This popped up on my Facebook newsfeed today and blew me away. I posted this 2 years ago. I don’t remember writing this but I do remember posting this photo. It was a big deal for me to post this because I coped with colic in private. It was (at the time) my worst nightmare. 9+ hours of screaming every single day for 3.5 months was absolute torture, and a baby who only slept in my arms (a reality that never changed).
I still have a difficult time thinking about my early days with Bella because we didn’t have an easy start. I would give anything to have happy memories with my newborn baby girl. Instead I remember a time I don’t even want to think about. I wouldn’t wish colic upon my worst enemy. But instead of holding onto anger and resentment, 2 years ago I chose to let the world know how I felt in hopes that it would reach someone in need.
Bella was my rainbow long before she left this realm. Her life purpose was to teach me, and she continues to do so and will continue to for the rest of my life. I will hold onto every memory we have together, good and bad, and hold them all close to my heart. I am deeply grateful for every second I had with her.
To all the parents complaining about stress, life, and especially parenthood, please take a moment to count your blessings. You can sit there and complain about what life has thrown at you or you can stand up, hold your head high and say Thank You! Thank you for the lessons. Thank you for the opportunities. Thank you for the joyful memories. Those happy moments make all the difficult times worth it a million times over.
I would give anything, absolutely ANYTHING, to go back to the day Bella was born and experience her life over again. Last night I was looking at photos of her first month on this planet, many of which I had never seen. As much as it is a blessing to have these moments captured, it causes me deep pain to look at them.
If I were to go back to November 14, 2012, I would tell myself to enjoy every single moment of my angel’s life. Especially the difficult moments. I would appreciate every single second I had with her, knowing that our time together was limited.
Bella’s birth was beautiful, and she was perfect. She slept most of the first 2 days of her life, while we were in the hospital. The day I brought her home, everything changed. Her first night at home, she woke up every time I’d put her down. After many attempts, I fell asleep in my bed with her in my arms, which is where she slept for the first year. If she wasn’t in my arms, she wouldn’t sleep.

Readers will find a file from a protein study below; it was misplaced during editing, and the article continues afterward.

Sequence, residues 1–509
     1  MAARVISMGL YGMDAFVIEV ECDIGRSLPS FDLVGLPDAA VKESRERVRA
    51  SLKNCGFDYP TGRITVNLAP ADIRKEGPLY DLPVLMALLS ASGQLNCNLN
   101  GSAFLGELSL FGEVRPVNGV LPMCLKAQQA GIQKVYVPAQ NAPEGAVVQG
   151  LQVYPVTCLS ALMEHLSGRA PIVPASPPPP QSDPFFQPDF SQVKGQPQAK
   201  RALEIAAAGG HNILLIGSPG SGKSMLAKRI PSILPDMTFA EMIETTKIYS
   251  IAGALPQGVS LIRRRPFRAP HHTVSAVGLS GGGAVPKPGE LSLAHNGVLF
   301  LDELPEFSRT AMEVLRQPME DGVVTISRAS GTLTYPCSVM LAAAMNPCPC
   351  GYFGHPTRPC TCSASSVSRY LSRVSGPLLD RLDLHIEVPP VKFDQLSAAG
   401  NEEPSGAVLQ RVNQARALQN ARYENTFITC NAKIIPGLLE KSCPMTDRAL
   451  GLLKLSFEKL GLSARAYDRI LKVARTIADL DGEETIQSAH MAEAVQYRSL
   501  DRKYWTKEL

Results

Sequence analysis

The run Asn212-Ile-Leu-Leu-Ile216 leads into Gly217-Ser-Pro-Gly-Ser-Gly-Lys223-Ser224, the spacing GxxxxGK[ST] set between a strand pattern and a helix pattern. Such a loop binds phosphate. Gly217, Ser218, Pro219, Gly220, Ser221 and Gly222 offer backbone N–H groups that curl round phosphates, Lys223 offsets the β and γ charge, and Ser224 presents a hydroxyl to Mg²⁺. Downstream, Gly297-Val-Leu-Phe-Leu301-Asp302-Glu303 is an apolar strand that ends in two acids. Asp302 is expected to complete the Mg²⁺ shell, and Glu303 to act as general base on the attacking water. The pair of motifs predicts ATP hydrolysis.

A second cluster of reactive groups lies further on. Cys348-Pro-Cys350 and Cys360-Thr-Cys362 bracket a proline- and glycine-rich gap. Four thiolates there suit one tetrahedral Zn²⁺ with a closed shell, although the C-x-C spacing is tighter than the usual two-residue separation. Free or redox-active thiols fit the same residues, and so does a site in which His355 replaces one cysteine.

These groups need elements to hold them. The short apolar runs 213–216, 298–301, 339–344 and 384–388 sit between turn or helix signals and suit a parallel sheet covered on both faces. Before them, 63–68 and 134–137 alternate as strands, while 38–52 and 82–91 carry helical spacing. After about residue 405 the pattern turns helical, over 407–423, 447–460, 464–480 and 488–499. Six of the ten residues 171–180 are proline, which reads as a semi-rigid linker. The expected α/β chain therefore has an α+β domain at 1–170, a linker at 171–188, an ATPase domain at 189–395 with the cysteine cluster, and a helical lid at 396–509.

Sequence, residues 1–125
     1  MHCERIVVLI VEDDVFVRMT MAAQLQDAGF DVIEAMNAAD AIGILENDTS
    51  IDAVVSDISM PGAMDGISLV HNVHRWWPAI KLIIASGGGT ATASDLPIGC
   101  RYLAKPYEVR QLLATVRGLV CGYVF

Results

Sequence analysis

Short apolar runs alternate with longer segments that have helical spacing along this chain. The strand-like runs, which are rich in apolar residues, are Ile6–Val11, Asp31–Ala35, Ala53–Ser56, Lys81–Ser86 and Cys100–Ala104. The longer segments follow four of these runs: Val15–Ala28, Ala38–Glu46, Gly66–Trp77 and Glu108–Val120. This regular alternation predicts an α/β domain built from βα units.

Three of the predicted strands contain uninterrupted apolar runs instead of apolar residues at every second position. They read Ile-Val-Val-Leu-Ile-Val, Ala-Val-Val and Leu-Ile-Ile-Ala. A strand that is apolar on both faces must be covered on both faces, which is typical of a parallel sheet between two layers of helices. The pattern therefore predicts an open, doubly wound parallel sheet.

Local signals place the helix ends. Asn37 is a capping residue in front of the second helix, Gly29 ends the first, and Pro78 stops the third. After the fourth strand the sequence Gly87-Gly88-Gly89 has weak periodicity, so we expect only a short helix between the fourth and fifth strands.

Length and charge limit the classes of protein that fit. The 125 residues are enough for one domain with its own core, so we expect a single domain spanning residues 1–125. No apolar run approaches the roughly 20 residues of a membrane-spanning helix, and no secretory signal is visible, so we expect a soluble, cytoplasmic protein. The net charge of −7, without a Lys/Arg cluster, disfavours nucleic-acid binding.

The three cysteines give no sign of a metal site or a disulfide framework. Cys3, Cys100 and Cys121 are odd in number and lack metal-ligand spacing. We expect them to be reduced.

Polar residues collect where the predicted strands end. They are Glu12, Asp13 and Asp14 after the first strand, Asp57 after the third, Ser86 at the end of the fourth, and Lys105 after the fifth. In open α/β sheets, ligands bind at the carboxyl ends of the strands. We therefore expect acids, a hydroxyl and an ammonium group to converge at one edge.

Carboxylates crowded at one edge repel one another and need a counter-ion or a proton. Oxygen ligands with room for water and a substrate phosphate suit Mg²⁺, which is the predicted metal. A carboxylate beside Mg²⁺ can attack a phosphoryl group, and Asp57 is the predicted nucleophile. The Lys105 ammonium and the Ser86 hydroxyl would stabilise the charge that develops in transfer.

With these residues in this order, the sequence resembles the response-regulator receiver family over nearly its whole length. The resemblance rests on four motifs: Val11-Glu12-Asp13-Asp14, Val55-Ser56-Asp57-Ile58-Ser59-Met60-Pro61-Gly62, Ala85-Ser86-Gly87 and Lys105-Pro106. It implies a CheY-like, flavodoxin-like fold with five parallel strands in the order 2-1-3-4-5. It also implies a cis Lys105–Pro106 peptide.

When she was 7 days old, we had her newborn photo shoot. It was a challenge because she was cranky for the first time. Little did I know that “cranky” would be her norm. She cried nonstop for 9 hours a day, every single day. I was in denial about the fact that my baby had colic. I was embarrassed about it and didn’t want anyone to know. I felt like a complete failure as a mother.
We rarely left home. When we did go out, someone would always comment on how cranky my baby was. This made me feel awful and ashamed, and as a result, I refused to wave my home. I didn’t want anyone seeing how my child was “less than perfect.” We also didn’t have many visitors. I am thankful for those few friends who came over despite the chaos and were willing to have conversations over the screaming while watching me pace and bounce my unconsolable baby girl. It was rare that I would ever accept help, likely because of the embarrassment, but offers were always appreciated and will never be forgotten.
I refused to accept that it was “just colic” and that she was perfectly heathy. No baby would cry that much unless something was wrong. It was a symptom of something more, but I never did find out the cause. She screamed all day every day for the first 3.5 months of her life. Those days were by far the most challenging of my entire life. After conquering colic, I can do anything!
If I could go back to the day Bella was born, I would tell myself that I would get through the colic. I would reassure myself that I was doing the best I could, and that I was capable. I would remind myself that I’m human and it is ok to be angry. I would tell myself that this experience would change me and make me strong. I would embrace those difficult moments as challenges are what help us grow, and I am thankful for what it taught me.
I wished time away. For that I will always be regretful. You can’t take moments back once they pass. I will now always embrace life for what it is, good or bad.
Looking back at the photos, there were many happy moments that I was unable to see at the time. It is these happy moments that will be etched in my memory for all of eternity.